On July 5th, 2014, our daughter, Lyra, married her beau, Michael Lichard. She is keeping her name. They live in an appartment in San Jose.

They have been together for 7 years, so there was nothing sudden about this. They did not spend a mint on the wedding, for which Donna and I are grateful. The ceremony was on the UUCPA's new labyrinth in front of the church. Our minister, Amy Zuckenberg, officiated. We all had a good time.

Laws of life (an on-going creation):

  • We are all in this together.
  • Nobody gets out alive
  • You can't expect others to give you what you won't give them (Golden Rule)
  • Cosmic Justice? Sorry, that would be your department! Thou art god. 
  • You better start laughing or you may have to start crying
  • Do your best - why settle for less?
  • You are in charge of your own happiness. Your mom was just there until you learned this for yourself.
  • In most endeavors, you have only failed when you give up.
  • Murphy's Law (if anything Can go wrong, it Will!)
  • TANSTAAFL (There Aint No Such Thing As A Free Lunch)
  • 90% of EVERYTHING is crap. That leaves enough good parts to enjoy the day. Offer expires at midnight.
  • The only true sin is to keep innocents in ignorance.
  • Everything is subject to change. 

Donna and Lyra in Berkeley


 Please look at my Math Puzzle of the week.
(1st puzzle this year, 1st puzzle ever) AND some
Math slideshows   


Yesterday (Labor Day, 2013) I was caught up in an amazing experience, almost out-of-this-world. I saw an image of something which had no physical location, no solid, liquid, or gaseous reality, yet common in folklore and culture.

Not a ghost.

A rainbow.

My love and I were walking from my home to the Baylands, the local wildlife preserve on the San Francisco Bay in Palo Alto. The weather was strange - it had been overcast all morning and sun did not break through until about 3. But the clouds were emitting sparse, occasional light showers. Traveling in our car from San Jose to Palo Alto, we saw many high clouds (5-10K feet) with the wild hair of rain hanging down at angles. In fact we drove through a small shower. But it could hardly be called a rainy day. So she was stir crazy and wanted to walk. I make a point of walking with her whenever she asks (heck, I need the exercise, too!). And then this rainbow bloomed out over the bay.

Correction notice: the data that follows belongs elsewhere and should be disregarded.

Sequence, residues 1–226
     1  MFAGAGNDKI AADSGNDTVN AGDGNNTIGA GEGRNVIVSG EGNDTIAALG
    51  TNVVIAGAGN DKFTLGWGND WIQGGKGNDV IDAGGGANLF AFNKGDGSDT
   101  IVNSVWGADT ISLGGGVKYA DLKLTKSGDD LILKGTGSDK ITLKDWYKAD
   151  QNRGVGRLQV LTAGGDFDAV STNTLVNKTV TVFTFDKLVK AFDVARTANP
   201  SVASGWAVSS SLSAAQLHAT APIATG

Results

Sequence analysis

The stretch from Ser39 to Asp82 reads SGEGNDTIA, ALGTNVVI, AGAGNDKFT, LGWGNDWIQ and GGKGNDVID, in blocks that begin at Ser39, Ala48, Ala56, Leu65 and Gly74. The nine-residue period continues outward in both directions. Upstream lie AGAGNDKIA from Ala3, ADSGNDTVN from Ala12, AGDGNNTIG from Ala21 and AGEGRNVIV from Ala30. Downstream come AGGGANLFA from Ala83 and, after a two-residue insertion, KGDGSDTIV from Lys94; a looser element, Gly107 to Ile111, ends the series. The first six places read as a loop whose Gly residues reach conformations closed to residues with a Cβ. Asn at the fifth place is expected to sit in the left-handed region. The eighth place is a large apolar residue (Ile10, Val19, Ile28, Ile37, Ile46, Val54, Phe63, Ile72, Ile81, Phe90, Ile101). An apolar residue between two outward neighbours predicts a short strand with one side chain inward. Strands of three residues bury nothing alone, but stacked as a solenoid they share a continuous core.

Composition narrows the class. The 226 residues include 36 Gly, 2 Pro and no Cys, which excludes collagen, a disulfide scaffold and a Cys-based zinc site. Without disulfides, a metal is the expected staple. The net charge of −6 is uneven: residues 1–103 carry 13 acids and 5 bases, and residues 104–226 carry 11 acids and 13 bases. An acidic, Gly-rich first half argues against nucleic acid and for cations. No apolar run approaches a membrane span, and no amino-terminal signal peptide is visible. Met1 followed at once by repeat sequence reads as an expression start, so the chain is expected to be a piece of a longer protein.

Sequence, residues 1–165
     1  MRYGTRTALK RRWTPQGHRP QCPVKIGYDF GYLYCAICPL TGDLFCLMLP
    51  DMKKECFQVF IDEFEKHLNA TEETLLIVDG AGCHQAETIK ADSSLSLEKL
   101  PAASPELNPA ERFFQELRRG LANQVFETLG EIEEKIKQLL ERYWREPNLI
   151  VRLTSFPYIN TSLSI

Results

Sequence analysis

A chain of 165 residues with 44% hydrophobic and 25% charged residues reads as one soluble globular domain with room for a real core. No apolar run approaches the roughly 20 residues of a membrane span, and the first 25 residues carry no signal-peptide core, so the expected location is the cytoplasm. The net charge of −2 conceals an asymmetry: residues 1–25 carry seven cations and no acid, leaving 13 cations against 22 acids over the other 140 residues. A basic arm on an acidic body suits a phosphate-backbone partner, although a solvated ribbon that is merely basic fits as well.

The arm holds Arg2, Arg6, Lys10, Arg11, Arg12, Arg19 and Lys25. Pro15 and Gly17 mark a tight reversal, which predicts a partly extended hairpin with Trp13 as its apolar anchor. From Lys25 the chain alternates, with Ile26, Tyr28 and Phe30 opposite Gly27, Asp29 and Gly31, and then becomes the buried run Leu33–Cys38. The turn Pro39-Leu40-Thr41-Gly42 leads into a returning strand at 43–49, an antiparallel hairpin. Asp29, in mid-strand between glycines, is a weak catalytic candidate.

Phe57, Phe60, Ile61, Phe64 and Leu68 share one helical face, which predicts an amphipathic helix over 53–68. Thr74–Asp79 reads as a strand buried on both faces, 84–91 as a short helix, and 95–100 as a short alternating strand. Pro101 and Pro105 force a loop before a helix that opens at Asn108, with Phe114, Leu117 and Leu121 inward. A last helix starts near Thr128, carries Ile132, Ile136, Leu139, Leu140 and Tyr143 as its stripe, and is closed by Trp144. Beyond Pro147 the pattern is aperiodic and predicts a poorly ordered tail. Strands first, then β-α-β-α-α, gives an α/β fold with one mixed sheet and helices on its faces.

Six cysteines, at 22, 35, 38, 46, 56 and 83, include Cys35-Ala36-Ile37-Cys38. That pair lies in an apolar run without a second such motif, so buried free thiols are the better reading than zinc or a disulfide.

It was shortly before sunset, so you can guess how big the bow was. The top was cut off by clouds, but on each side were double bent pillars, the pieces of primary and secondary bows. Of course, the inner bows (the primaries) were red on the outside and blue on the inside, while the secondaries in the other order.

They were of a brightness hard to believe.

Many others out for a late walk also admired the spectacle.

Why do I put this in my blog section, normally reserved for political commentary? Because of comments I hear over and over from the scientifically challenged that knowing a scientific explanation for miraculous physical phenomena takes away all the wonder. This is totally bogus. If they really believe this, I can only suppose their world is a helluva lot less interesting than mine.

My understanding of the universe is that we posit dozens of physical laws and principles for the working of nature, not a supreme being pulling levers and flipping switches behind the scenes. This means there is a huge universe of really wild and startling effects we can observe if we are in the right place at the right time. Like tides, and comets, and hummingbirds and rainbows. You can hide from understanding and even appreciating all this by handing cause over to the giant guy in the sky. But think how much more exciting it is to see a slow-motion film of a bumblebee, and understanding that those wing pairs have created eddies which thrust her heavy round body precisely through thin air! Remarkable! Astounding!

We stayed out there in gathering darkness as the fading sunlight sucked the power from our rainbows. They survived remarkably long after the sun was no longer visible. But they did fade. We held hands, profoundly grateful for the opportunity to see this miracle of nature - impossibly beautiful, and common as rain. (9/13)

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See past opinions (some of which I still hold!)




©copyright 2015, Louis Bookbinder - booky1@earthlink.net
updated 27 April 2015